Mgahinga National park is located in the western part of Uganda. The Park borders Rwanda near Volcanoes National park as well as the Democratic Republic of Congo near the Virunga National park. Mgahinga National park is also the smallest park that forms part of the bigger Virunga Conservation.

In Uganda, these National Parks are managed by Uganda Wildlife Authority. Trekkers have to drive over 2 hours to get to both of these National parks. Tourists get the real picture of what this beautiful area looks like during the drive. Tourists can access this area more quickly by taking a domestic flights from Entebbe Airport by Aero Link to the Kayonza airstrip. From there it is a short drive to the National Parks.

Mountain Gorilla trekking in Volcanoes National park (Rwanda)

Volcanoes National park covers an area of about 125km and is covered with the mountains and the six volcanoes. Because of this, Rwanda is called the land of a thousand hills. Around 480 gorillas are found along the border of the Virunga Conservation Area, which is in the Virunga Mountains. This is where primatologist Dian Fossey lived and worked with the mountain gorillas. Because of this the gorillas living here are more habituated to humans than any of the other mountain gorilla families. The national park has 10 gorilla families and these include, by name; the Susa, Karisimbi, the Sabyinyo, Agashya, Amahoro, Umubano, Hirwa, Kwitonda, Bwenge and the Ugenda gorilla family.

The National park is located in northern Rwanda and it is 80km away from the city of Kigali. Accessing this National Park is easier and quicker than getting to Bwindi Park in Uganda. The park is a 2 ½ hour drive from Kigali. A mini bus goes from Kigali to Rushengeri town, located at the park entrance. Taxis are also available to get visitors to the park from Kigali.

Tracking the gorillas in this national park is more popular than in Bwindi forest. The mountain gorillas in this area tend to move around less, so easier to track. Visibility and photo taking is much easier because of the open terrain in the bamboo forests that lets more light penetrate.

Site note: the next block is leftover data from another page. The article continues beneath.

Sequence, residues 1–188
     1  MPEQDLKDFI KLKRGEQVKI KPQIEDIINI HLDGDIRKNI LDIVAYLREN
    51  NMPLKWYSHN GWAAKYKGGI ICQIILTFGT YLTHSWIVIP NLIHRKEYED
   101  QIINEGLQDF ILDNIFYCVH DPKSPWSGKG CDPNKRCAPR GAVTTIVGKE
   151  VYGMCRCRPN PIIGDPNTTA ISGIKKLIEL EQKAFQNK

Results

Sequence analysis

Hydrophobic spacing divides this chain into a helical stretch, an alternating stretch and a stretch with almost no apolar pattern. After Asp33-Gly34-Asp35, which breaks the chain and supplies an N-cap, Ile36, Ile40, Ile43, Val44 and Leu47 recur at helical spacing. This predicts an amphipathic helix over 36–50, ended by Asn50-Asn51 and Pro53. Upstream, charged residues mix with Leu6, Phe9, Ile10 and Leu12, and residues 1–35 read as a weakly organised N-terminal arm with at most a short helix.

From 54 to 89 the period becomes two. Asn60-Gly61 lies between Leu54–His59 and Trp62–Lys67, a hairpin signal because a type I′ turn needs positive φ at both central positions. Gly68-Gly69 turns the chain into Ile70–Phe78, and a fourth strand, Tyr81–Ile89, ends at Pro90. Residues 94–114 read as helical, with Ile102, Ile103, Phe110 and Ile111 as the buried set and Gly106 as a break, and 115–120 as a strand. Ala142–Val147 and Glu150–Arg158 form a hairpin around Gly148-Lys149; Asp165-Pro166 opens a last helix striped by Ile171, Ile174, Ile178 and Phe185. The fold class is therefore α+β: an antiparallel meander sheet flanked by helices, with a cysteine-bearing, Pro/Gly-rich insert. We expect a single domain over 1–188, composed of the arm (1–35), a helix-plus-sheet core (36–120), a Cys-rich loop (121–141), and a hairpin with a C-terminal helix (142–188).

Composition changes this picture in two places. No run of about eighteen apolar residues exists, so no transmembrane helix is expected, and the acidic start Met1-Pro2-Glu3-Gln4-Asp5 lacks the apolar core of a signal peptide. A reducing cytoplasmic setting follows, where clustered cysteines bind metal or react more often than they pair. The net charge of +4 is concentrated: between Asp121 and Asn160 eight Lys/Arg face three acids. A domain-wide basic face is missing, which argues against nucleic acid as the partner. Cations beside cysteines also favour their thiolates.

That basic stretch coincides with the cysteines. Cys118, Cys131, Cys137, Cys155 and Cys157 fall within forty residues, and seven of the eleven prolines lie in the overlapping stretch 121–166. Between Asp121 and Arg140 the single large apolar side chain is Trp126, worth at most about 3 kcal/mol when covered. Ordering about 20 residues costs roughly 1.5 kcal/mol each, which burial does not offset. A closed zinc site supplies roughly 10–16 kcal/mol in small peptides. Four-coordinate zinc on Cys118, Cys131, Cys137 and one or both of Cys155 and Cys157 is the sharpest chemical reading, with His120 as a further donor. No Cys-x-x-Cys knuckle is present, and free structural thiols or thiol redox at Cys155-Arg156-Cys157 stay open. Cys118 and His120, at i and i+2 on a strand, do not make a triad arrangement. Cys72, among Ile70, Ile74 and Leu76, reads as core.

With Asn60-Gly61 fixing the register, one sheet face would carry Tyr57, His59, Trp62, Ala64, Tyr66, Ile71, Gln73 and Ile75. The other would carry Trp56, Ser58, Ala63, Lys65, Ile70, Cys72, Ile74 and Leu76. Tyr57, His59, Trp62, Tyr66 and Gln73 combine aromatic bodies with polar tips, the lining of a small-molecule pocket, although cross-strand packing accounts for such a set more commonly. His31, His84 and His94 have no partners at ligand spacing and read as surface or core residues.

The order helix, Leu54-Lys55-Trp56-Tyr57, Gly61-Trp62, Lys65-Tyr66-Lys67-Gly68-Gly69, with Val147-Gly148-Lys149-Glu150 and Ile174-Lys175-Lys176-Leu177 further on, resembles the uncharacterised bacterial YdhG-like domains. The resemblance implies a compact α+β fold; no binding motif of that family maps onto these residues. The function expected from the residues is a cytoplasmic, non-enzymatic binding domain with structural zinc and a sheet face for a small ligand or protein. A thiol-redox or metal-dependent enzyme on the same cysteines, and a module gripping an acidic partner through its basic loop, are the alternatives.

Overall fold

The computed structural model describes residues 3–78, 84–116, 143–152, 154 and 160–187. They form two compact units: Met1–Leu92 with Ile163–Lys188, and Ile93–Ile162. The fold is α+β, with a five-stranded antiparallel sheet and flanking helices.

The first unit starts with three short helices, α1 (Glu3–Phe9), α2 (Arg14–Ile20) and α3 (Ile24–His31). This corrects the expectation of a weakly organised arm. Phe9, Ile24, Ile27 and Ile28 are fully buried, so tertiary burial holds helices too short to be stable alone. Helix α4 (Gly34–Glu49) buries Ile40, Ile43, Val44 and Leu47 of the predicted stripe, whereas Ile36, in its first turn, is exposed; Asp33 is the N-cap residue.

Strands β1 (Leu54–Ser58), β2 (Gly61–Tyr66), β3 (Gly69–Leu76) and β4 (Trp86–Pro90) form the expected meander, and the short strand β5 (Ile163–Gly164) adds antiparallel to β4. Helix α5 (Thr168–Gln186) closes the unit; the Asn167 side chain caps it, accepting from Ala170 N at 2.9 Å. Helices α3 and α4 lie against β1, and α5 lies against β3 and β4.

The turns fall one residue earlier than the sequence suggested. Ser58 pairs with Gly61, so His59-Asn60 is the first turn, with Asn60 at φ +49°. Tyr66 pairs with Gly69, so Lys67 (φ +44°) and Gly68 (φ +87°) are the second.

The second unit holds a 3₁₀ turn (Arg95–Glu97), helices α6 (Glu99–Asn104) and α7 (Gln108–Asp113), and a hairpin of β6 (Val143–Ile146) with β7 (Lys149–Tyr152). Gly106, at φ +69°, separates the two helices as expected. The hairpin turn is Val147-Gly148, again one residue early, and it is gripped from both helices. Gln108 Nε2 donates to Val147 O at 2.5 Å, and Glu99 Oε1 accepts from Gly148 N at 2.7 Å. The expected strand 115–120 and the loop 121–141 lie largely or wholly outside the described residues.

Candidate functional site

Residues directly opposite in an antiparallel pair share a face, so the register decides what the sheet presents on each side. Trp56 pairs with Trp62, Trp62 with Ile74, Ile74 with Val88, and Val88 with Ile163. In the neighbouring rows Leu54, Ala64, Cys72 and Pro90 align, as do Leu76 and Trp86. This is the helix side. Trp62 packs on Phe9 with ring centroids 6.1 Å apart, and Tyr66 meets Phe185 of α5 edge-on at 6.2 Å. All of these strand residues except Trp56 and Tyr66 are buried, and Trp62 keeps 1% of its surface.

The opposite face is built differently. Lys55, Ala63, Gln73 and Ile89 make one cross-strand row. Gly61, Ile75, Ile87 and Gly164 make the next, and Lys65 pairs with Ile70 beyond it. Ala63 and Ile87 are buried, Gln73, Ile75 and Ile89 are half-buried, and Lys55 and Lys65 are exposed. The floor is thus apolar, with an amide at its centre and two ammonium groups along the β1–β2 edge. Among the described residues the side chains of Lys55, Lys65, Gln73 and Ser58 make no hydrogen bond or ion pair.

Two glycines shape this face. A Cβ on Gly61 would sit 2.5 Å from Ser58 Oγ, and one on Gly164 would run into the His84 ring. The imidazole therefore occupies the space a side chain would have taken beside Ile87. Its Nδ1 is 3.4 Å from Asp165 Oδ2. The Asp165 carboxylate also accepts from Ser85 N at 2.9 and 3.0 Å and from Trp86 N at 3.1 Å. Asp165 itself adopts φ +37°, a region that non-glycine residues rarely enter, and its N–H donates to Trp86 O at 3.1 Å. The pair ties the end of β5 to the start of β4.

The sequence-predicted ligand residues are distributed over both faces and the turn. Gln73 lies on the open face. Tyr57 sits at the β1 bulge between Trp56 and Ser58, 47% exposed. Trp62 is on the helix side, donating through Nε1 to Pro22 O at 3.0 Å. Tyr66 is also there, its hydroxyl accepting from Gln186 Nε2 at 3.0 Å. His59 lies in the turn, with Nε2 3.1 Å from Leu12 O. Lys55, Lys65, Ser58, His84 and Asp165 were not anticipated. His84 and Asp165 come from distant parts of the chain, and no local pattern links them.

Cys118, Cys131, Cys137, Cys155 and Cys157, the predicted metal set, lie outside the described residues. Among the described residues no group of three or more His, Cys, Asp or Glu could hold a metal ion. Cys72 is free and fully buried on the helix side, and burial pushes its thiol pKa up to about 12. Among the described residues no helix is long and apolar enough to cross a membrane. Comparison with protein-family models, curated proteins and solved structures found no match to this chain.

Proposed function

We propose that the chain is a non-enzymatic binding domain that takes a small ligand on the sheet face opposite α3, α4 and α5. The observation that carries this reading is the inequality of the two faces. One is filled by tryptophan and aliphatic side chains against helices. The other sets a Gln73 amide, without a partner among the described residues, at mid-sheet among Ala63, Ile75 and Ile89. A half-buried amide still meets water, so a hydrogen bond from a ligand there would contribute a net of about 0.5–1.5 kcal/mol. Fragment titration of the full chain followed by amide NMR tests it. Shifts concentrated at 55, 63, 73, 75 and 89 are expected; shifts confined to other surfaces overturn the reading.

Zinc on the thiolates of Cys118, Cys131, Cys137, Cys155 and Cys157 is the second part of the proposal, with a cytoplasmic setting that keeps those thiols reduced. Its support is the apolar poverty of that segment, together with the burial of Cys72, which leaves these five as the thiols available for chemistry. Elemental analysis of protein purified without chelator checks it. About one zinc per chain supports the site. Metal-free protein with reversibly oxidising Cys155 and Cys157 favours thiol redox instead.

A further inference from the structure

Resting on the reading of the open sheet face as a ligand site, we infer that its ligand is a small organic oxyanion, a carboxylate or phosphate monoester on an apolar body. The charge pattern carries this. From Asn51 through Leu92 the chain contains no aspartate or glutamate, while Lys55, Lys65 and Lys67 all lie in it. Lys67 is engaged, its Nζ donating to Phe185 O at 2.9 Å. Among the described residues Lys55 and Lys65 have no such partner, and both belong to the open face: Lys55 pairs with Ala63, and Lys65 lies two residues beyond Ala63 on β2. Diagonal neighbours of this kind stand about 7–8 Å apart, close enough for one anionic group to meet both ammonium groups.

In Rwanda, the mountain gorilla permit lets visitors track a particular family. There are many dependent factors that decide which family group visitors are assigned. After a briefing about gorilla trekking, the tourists are divided into groups according to their fitness level and age, as well as the location of the gorilla family.

Mountain Gorilla trekking in Virunga National park in Democratic Republic of the Congo

Mountain gorilla tracking in the DRC is done in Virunga National park, which is a UNESCO World Heritage site. The National Park borders both Rwanda and Uganda. Virunga National park covers an area of 7800km and is also home to about 200 of the mountain gorillas. The mountain gorillas live in the southern part of the Park. The Park is managed by the Congolese National Park authorities along with the institute Congolias pour La Conservation de la Nature (ICCN). The Africa Conservation Fund is also a partner. Ruthless attacks in the Park killed 10 gorillas, but their population has increased since the attack and is more stable now. The efforts of the rangers who live within Virunga National park has seen to that.

The National Park is 32km west of Goma, which is the capital city of North Kivu province. Transport from Goma to Virunga National park can be arranged with Virunga National park. The roads to the National Park are very bad and it’s best to travel with someone who knows the area. Another option would be a guided tour from Rwanda or Uganda since tourism infrastructure is not well developed in the DRC. The guided tour operators out of Uganda and Rwanda can find the best border crossings into the Democratic Republic of Congo and into the Park and take care of all the details.

Submitted by Green World Safaris. A tour company based out of Uganda but also doing tours in Rwanda and the Democratic Republic of Congo. They specialize in Mountain Gorilla Trekking and can be contacted to arrange any of the tours mentioned above.

Wild Cat Monitoring Program prey

Wild Cat Monitoring Program and Saladero Eco Lodge

Saladero Eco Lodge and the Wild Cat Monitoring Program

Saladero Eco Lodge has worked directly with Osa Conservation since 2014 on their Wild Cat Monitoring Program. The Wild Cat program is located in southwestern Costa Rica. This area is one of the last areas in Central America that can still sustain big cats.

The lodge helps by purchasing and placing camera traps around their property. The cameras monitor the cats and the animals considered prey that support the survival of the large cats. As part of the Wild Cat Monitoring Program the Lodge collects information on the footprints, as well as photographs/videos. This information is sent to Osa Conservation every three months for input into their Wild Cat Monitoring Program.

The Wild Cat Monitoring Program includes other lodges, private property owners and other organizations. Therefore The Wild Cat Program can obtain a much better idea of the wild animal population and also the general health of the primary rain forests.

There is an abundance of food sources for the large cats. The cats are the top predators, so this would be an indication of a healthy ecosystem. Certainly this is the hope of the Wild Cat Monitoring Program.